Should Google pay publishers, media owners for news links?

A person prepares to search the Internet using
A person prepares to search the Internet using the Google search engine. AFP PHOTO | PHILIPPE HUGUEN 

The Spanish parliament has passed a law allowing media organisations to charge tech giant Google for linking their sites with snippets of their content.

The law will mostly affect Google News which usually posts a short excerpt just below the link to stories from news websites.

Dubbed ‘Google Tax’ by the media, the law is set to take effect on January 1, 2015, with Spain possibly becoming the first country to enact legislation that allows the media to charge for linking site content online. 

The passage of the law is the result of intense lobbying by the Spanish Association of Daily Newspaper Publishers (AEDE), an umbrella body comprising top media companies in the European nation.

The media companies argue that publishing snippets of their stories online is akin to ‘stealing’ or using intellectual property without paying for it. 

The law will also affect other news aggregator sites like Yahoo! News that use the same model as Google News. Social networking sites like Twitter and Facebook are exempt from the law.

Spanish and other European media companies can count on the solid support of incoming EU digital chief, Günther Oettinger, who recently blasted Google for copyright infringement, giving the clearest indication yet that the US company’s woes in the EU are only just beginning.

“If Google takes intellectual property from the EU, and makes use of it, then the EU can protect this property and impose a levy on Google for it,” he was reported as saying in the German language newspaper Handelsblatt.

While Google is understandably disappointed by the decision of the Spanish parliament, the issue is not entirely new to the company. It has faced similar problems in Belgium and Germany when publishers demanded that the tech giant pay them for linking their stories on Google News.

Google, in a bid to avoid the charges, responded by taking down the links to their sites completely. However, some of the German publishers had to request Google to re-list them as they had lost a significant amount of traffic to their sites.

The development presents a dilemma for traditional mainstream publishers that would want to tax online news aggregators for posting links. While they may not be happy with Google and other news aggregators for posting their links, they still receive tonnes of traffic to their sites as a result.

Demanding royalty of some sort from them is a gamble as sites like Google and Yahoo! News may opt to not host their content at all to avoid payment.

Another problem with taking the legal route (like Spain’s AEDE did) to force news aggregator services to pay is that ultimately, it’s the news readers that are most disadvantaged. As tech blog gizmodo argues, Google News could choose to delist the sites as it did in Germany or close its doors on Spain altogether. 

Other tech observers such as Techdirt note that it is absurd for newspapers that benefit from traffic resulting from listing on Google News to also want to get paid for a service or platform that the tech giant provides for free.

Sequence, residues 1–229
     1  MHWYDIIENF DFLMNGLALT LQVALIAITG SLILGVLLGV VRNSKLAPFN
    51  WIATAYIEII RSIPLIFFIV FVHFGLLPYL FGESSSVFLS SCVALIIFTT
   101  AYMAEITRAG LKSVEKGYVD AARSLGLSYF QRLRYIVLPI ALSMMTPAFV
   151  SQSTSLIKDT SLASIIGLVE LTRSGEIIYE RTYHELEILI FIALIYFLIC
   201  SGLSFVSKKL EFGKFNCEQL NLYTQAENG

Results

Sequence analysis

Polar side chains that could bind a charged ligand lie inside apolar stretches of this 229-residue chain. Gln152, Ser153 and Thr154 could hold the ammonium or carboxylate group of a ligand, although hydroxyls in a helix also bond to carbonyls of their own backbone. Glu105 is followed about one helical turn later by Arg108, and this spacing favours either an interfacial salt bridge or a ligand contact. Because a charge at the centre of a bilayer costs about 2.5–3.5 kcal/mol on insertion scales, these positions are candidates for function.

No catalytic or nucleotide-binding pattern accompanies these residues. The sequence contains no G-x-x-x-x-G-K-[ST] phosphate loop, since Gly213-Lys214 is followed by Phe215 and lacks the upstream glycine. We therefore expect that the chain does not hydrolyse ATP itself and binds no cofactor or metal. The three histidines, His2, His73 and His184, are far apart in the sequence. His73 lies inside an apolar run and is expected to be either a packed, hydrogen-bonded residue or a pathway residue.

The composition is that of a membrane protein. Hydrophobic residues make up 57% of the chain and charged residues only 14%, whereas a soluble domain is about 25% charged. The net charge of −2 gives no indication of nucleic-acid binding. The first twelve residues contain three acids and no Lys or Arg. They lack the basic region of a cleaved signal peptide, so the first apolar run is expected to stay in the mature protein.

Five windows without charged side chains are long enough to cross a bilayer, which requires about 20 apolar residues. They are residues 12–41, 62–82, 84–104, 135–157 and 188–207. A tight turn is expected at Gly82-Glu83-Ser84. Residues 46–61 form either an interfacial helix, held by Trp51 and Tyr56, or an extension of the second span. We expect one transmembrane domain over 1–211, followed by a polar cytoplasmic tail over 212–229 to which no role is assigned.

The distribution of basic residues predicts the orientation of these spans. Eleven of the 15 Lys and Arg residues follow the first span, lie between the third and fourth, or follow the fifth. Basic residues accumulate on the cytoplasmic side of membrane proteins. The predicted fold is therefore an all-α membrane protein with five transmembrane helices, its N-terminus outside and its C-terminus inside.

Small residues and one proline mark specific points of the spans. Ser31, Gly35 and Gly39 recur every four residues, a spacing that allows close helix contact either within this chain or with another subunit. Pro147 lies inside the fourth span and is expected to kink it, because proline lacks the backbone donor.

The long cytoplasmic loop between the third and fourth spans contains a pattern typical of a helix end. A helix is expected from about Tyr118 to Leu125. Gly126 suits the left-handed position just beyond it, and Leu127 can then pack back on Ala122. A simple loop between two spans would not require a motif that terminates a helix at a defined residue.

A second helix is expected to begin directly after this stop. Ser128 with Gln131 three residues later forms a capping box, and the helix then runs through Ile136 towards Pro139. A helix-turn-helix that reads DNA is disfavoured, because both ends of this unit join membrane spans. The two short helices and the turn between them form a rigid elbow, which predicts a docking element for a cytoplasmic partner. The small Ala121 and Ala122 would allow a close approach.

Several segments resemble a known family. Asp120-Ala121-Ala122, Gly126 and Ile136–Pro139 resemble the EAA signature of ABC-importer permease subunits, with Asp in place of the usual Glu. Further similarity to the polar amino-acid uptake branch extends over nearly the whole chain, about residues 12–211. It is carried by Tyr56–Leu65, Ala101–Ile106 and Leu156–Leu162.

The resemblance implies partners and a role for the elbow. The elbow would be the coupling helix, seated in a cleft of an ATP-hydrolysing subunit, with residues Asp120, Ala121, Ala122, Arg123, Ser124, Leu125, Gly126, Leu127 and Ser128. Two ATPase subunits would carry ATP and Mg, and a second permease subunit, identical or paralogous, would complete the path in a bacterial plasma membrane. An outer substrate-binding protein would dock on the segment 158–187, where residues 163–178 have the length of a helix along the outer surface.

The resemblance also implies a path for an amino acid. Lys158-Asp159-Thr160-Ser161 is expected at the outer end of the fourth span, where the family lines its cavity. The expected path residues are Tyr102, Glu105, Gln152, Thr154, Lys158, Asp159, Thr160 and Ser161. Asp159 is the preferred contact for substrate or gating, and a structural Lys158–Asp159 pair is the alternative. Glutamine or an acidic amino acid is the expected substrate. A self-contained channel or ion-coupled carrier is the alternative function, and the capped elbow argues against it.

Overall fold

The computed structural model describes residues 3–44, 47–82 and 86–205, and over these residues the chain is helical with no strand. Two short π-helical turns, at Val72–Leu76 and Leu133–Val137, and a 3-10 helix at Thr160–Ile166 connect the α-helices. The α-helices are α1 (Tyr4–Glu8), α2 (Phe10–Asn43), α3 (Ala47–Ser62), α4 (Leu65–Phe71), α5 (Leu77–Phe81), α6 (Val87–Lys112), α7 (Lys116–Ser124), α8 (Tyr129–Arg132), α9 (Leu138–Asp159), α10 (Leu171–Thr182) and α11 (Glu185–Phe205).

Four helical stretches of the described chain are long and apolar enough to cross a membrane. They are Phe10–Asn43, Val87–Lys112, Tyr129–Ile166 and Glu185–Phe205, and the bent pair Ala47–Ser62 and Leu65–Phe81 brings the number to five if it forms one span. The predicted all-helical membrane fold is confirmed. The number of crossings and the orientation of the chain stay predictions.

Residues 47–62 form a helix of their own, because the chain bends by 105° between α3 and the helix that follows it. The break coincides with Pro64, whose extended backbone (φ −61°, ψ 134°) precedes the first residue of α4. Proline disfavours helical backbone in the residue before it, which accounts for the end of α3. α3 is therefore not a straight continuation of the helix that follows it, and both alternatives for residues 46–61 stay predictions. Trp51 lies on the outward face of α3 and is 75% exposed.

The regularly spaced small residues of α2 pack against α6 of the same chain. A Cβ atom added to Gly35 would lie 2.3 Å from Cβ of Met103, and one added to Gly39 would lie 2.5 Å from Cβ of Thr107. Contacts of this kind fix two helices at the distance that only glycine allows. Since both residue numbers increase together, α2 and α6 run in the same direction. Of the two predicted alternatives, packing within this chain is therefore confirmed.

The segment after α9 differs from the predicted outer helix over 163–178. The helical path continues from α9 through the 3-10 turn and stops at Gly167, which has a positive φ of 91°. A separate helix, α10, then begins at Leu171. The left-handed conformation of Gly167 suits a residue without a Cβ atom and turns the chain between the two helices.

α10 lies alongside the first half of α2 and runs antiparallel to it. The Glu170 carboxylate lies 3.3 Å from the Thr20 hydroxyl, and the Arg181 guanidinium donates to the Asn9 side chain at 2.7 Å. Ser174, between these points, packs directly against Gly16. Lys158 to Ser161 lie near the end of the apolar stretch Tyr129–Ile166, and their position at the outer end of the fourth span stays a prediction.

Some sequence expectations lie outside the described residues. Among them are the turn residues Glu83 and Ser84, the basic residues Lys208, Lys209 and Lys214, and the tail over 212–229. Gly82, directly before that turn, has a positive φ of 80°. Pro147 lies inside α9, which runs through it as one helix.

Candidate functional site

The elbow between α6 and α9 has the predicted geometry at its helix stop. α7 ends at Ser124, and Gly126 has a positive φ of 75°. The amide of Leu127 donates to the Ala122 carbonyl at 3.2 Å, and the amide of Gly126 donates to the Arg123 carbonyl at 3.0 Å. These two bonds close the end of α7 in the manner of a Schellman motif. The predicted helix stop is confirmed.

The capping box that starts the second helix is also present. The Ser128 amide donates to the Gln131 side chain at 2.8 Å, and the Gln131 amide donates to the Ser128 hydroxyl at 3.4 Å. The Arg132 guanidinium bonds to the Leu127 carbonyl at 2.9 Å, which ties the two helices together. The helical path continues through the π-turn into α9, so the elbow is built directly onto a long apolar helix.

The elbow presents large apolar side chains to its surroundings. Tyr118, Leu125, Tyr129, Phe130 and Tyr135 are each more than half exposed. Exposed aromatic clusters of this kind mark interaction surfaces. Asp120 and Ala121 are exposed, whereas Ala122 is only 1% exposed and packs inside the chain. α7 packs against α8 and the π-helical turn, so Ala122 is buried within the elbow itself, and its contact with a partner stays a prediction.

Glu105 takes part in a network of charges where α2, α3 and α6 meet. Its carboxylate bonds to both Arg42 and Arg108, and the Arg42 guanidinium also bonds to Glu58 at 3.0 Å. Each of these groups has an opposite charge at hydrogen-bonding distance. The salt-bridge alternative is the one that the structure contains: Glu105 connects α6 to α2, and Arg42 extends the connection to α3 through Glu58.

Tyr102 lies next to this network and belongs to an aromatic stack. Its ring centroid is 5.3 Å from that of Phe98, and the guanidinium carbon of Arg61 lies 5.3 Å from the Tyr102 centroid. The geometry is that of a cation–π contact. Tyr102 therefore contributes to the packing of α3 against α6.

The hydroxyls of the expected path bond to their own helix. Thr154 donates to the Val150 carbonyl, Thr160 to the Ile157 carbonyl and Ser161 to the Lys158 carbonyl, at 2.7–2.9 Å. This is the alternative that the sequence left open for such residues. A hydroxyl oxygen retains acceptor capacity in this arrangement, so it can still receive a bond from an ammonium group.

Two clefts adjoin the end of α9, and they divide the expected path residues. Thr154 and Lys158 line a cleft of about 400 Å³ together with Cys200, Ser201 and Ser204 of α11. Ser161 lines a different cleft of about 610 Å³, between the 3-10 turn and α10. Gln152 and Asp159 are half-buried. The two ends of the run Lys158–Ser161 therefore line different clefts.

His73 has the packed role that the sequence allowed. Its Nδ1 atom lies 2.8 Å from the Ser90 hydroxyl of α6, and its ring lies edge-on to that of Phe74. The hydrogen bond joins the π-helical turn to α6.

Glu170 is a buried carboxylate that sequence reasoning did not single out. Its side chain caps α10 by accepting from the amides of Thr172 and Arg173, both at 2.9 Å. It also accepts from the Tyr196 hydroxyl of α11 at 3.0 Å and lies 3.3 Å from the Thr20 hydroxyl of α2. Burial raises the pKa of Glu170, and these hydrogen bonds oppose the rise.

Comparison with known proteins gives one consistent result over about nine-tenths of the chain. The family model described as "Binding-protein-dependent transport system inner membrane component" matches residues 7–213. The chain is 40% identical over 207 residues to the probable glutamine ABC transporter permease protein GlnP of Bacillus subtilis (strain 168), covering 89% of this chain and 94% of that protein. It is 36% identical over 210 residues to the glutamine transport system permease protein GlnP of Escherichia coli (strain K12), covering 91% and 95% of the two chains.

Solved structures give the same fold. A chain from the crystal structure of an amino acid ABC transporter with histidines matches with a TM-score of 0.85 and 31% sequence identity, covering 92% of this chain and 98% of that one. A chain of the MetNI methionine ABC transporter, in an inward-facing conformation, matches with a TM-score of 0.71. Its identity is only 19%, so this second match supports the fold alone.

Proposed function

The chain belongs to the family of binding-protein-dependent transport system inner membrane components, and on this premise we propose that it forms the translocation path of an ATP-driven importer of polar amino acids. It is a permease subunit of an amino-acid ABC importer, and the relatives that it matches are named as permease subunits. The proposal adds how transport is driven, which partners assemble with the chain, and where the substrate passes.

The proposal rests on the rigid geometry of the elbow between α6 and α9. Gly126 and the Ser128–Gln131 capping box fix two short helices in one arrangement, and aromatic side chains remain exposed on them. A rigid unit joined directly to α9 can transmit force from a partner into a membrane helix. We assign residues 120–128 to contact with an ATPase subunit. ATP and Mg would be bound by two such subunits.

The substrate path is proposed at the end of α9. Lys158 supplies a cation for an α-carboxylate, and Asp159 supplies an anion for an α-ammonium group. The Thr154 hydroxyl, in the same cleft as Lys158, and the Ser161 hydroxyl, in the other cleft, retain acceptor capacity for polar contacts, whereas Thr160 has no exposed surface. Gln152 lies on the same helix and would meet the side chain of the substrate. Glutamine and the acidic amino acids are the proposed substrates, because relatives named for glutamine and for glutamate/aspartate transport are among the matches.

Copyrighted material

However, others have also noted (and rightly so) that Google benefits from ad revenue from the ads it places next to links containing ‘snippets’ of copyrighted material from journalists and other content creators.

In response to Rupert Murdoch-owned News Corp’s criticism that it was anti-competition and failing to play its part in combating online piracy, Google noted that it had helped newspapers generate traffic and sell their content on the Android App store.

“Google has worked hard to help publishers succeed online — both in terms of generating new audiences and also increasing their digital revenues. Our search products drive over 10 billion clicks a month to 60,000 publishers’ websites, and we share billions of dollars annually with advertising publishing partners.

“We’ve also created a digital store on Android — Google Play — that lets news publishers offer their publications for purchase or subscription,” said Google in a statement.

Google has also argued in the past that publishers can simply opt out of listings on the search engine. While it’s logically true, opting out of Google’s search engines would be career suicide for content creators as they risk going into oblivion.

Some analysts fear that the Spanish parliament’s actions could also set a precedent that if followed by legislators from other parts of the world could result in censorship.

They argue that enacting legislation such as the ‘Google Tax’ is an affront on the very basic premise of what the Internet is — a free space for sharing information.

It remains to be seen how the dispute plays out between Google and European media houses. Media owners from other parts of the world are certainly watching as any levies charged for listing by news aggregators could be a potential source of much-needed revenue in a world where the Internet has sounded the death knell for many traditional print publications.

For now, the debate is polarised between those who think that Europe is resorting to anti-competitive protectionism and others who believe that aggregators like Google News and Yahoo! News ought to share the revenue pie with content creators.